Top 5 National Patient Safety Goals for 2020

Top 5 National Patient Safety Goals for 2020

The Joint Commission (TJC) has released its National Patient Safety Goals for 2020. According to TJC, these goals are developed in an effort to improve patient safety in hospitals in the coming year. These are areas where TJC sees room for improvement in the healthcare industry. With regards to infection prevention, TJC has enumerated five goals. Review these goals and see if your facility measures up, then read on to see a few ways your facility can work to improve upon these areas.

For more detailed ways of tackling each point on TJC’s list, click on each one to view an informative PDF provided by Massachusetts General Hospital.

  1. Use the hand cleaning guidelines from the Centers for Disease Control and Prevention or the World Health Organization. Set goals for improving hand cleaning. Use the goals to improve hand cleaning (NPSG.07.01.01).

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  3. Use proven guidelines to prevent infections that are difficult to treat (NPSG.07.03.01).

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  5. Use proven guidelines to prevent infection of the blood from central lines (NPSG.07.04.01).

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  7. Use proven guidelines to prevent infection after surgery (NPSG.07.05.01).

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  9. Use proven guidelines to prevent infections of the urinary tract that are caused by catheters (NPSG.07.06.01).

There are a few common threads that unite all of these goals that your facility can target in order to achieve better outcomes for your patients.

Education is the most important weapon in your arsenal against the spread of healthcare acquired infections (HAIs). It is vital for everyone on your staff to be trained and thoroughly educated on how HAIs spread to patients in each of the five categories outlined by TJC. If your staff fully understands the risks associated with their actions, there’s a higher chance they will abide by the processes your facility has in place to prevent HAIs. Additionally, patients themselves and even their visitors can be educated on proper procedures and what they can do to prevent transmitting or acquiring infections.

It is also important for your facility to develop and implement proven and evidence-based standard operating procedures for each and every procedure performed at your facility. These procedures should be developed with regulatory requirements in mind and using guidelines provided by professional organizations, like the Centers for Disease Control and Prevention (CDC) or the World Health Organization (WHO). Implementing standardized procedures can be extremely helpful in assisting healthcare workers to prevent the spread of infections.

Lastly, to lower the possibility for the spread of HAIs to patients and healthcare workers, your facility can focus on hand washing. As you can see above, it is the number one goal stated by the TJC in infection prevention and there is good reason for this. Good hand cleaning habits and technique can go a long way in stopping HAIs in their tracks. There are many misconceptions about handwashing (like that wearing gloves provides complete protection from acquiring infection) that must be clarified. The CDC provides some really great infographics you can post around your healthcare facility that help educate healthcare workers and patients about good hand hygiene. And if you’d like more information, peruse the CDC’s informative Guideline for Hand Hygiene.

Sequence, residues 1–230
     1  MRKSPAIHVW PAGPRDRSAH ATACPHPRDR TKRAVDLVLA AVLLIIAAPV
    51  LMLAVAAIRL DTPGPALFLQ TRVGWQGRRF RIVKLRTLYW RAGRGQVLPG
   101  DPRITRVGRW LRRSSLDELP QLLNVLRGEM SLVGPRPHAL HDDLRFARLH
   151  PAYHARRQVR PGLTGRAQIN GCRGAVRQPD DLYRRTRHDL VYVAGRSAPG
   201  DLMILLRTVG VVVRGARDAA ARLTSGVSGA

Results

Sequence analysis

At CS Medical, we strive to help put an end to HAIs. Contact us if you’d like some helpful tips and pointers to help stop the spread of HAIs with regards to your TEE probe reprocessing procedures. Our TEE Complete Care Process is a great place to start!

About CS Medical

CS Medical LLC has pioneered the automated disinfection process for Transesophageal ultrasound probes with the development and release of the TD 100® Automated TEE Probe Disinfector. In 2005, the TD 100 was the first FDA cleared automated disinfection process with printed verification for Transesophageal ultrasound probes. During the disinfection process, the TEE probe receives high-level disinfection in (5) five minutes from TD-5® or TD-8® followed by (5) five complete rinse cycles before disinfection confirmation is acknowledged and a report is printed. The verification report indicates probe contact time with the high-level disinfectant as well as the average temperature of the single-use disinfectant during each cycle.

For more than 15 years and over 4 million high-level disinfections, the TD 100 Automated TEE Probe Disinfector has eliminated manual reprocessing of delicate and expensive TEE ultrasound probes while also providing a repeatable and FDA cleared disinfection process. The TEEClean® Automated TEE Probe Cleaner Disinfector will continue the TD 100's work by automating the required cleaning process for the TEE probe before high-level disinfection. TEEClean, with electronic record data logging, printed verification reporting, FDA cleared cleaning, and high-level disinfection will be the standard of care for TEE ultrasound probes.

CS Medical's TEE Complete Care® products provide quality device care and storage by minimizing healthcare operational costs, improving service readiness and increasing regulatory compliance.